Clinical and Research News
Drug Continuity May Aid In Better Treatment Outcomes
Psychiatric News
Volume 41 Number 24 page 18-30

A fresh look at the data from phase 1 of the CATIE (Clinical Antipsychotic Trials of Intervention Effectiveness) study, funded by the National Institute of Mental Health (NIMH), indicates that patients who stayed on their initially assigned antipsychotic medication the longest may have done so, in part, because it was the same drug they were taking prior to entering the study. In other words, continuity appears to have helped foster longevity.

The new analysis, by Susan Essock, Ph.D., a professor and director of the Division of Health Services Research in the Department of Psychiatry at Mt. Sinai School of Medicine, appears in the December American Journal of Psychiatry.

Essock was not originally part of the CATIE research team, but she approached principal investigator Jeffrey Lieberman, M.D., director of the New York State Psychiatric Institute, with the idea of analyzing the effects of switching versus not switching medications at initial drug assignment. In keeping with NIMH's vision of open access, the CATIE data were made available to Essock.

Essock's main question was deceptively simple: is it more advantageous to continue taking the medication being received at entry into a clinical trial or to switch to a different medication at the start of the study? If staying with the same medication was more advantageous than switching, Essock expected that those who stayed with the same medication would have longer times to discontinuation for any reason, the primary outcome measure in the CATIE trial.

Each of the patients entering the trial, along with their clinicians, presumably were at least somewhat dissatisfied with the antipsychotic being taken; otherwise, entering a clinical trial would not likely have been a consideration.

In CATIE phase 1, 23 percent of participants randomly assigned to olanzapine (Zyprexa) were already taking olanzapine, 18 percent of those randomly assigned to take risperidone (Risperdal) were already taking risperidone, and 5 percent assigned to quetiapine (Seroquel) were already taking quetiapine prior to the study. Less than 5 percent of patients randomly assigned by the study to take perphenazine or ziprasidone were taking those drugs prior to entering the study. Because of the low number of patients involved, statistical comparisons involving quetiapine, perphenazine, and ziprasidone were not done, due to an inherent lack of statistical significance.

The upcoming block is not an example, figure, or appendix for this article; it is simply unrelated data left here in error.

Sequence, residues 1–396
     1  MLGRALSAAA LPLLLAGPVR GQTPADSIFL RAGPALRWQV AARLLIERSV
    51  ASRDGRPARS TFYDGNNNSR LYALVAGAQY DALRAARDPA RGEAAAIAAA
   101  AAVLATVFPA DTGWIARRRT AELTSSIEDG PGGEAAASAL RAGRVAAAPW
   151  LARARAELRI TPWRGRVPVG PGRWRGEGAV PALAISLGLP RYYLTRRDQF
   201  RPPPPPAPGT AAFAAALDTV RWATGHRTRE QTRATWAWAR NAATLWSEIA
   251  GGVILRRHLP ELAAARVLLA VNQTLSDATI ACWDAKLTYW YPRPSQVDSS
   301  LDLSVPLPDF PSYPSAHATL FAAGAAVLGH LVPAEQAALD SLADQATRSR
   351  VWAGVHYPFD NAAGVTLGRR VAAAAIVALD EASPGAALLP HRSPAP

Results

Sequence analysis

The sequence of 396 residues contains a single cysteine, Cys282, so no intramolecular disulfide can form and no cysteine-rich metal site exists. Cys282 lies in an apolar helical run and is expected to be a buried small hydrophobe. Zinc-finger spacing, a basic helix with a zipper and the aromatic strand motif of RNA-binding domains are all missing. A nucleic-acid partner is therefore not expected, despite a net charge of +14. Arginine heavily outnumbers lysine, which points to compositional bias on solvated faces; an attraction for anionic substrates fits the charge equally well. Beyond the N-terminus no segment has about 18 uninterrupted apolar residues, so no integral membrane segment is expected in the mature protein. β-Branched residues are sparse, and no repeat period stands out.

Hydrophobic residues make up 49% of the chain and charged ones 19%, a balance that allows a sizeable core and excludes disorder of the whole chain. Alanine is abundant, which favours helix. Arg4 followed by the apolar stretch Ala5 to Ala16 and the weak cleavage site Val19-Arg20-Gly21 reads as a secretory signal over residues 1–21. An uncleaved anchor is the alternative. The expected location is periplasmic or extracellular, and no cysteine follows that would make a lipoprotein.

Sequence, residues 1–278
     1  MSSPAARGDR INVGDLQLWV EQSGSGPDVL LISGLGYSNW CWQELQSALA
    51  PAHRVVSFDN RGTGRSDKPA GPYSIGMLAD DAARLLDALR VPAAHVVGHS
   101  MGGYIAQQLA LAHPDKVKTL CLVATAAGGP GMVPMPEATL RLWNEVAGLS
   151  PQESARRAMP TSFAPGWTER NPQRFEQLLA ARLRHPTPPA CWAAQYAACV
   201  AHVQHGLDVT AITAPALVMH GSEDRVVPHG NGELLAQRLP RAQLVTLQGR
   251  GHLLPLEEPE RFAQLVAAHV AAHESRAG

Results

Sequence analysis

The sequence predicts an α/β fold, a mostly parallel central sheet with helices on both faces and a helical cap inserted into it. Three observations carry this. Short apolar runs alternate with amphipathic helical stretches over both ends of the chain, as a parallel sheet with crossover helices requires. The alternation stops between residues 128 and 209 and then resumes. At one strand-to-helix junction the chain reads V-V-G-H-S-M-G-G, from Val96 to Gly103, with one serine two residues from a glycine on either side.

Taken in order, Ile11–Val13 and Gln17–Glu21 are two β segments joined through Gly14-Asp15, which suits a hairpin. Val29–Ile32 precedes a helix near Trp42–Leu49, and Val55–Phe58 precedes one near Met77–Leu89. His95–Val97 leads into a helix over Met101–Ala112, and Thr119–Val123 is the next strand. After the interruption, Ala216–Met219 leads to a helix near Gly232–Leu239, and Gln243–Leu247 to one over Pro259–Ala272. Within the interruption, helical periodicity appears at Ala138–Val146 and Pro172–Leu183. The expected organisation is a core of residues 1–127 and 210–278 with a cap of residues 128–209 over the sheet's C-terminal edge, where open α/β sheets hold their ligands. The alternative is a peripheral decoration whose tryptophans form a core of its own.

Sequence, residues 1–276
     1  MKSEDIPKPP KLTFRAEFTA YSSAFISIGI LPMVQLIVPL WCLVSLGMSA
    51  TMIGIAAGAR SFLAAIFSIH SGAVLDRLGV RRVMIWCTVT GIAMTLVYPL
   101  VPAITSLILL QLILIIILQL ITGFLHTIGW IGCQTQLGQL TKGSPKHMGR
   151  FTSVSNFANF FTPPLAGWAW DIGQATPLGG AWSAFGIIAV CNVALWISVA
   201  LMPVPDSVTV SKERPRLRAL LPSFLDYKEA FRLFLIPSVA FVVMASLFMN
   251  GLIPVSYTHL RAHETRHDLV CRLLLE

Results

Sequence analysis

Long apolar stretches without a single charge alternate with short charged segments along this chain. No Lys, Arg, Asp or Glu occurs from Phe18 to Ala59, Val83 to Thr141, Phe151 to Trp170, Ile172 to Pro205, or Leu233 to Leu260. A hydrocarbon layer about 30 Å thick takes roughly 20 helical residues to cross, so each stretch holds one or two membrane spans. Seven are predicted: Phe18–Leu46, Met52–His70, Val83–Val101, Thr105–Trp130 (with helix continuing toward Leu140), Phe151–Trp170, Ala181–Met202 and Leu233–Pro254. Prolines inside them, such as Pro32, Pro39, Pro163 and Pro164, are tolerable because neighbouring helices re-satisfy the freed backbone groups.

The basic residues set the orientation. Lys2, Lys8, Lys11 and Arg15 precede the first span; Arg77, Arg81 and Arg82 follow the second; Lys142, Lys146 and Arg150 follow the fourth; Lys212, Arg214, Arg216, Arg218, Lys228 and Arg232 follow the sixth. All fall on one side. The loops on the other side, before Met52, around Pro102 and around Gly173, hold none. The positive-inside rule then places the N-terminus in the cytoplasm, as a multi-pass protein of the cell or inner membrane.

To investigate the "staying versus switching" question completely, though, Essock and her collaborators had to approach the question from both sides of the study's baseline: the first subanalysis involved the group of patients randomly assigned to either olanzapine or risperidone upon entering the study and investigated how well they had done based on whether they stayed with their pre-study medication or switched to another study drug. The second subanalysis involved the group of patients who were taking either olanzapine or risperidone prior to entering the study and investigated how well they fared if they stayed versus switched.

The researchers had already hypothesized that "stayers" would have better outcomes; that is, continuity of medications would lead to longer times to drug discontinuation. But if the "stayers" did fare better, Essock and her colleagues reasoned, the collective" better" results seen with those patients could potentially significantly bias the overall phase 1 results. Therefore, they also wanted to determine whether the phase 1 results would be different if study participants randomly assigned to stay with their medication were excluded from the CATIE phase 1 analysis (therefore removing the potential bias).


Essock and her colleagues found that patients who were randomly assigned to either olanzapine or risperidone and were "stayers" did indeed have the lowest rates of discontinuation of their study medications overall, compared with "switchers" who took olanzapine or risperidone during the study after switching from a different baseline medication. In addition, the researchers found that patients staying with olanzapine were significantly less likely to stop taking their study drug, compared with those staying on risperidone.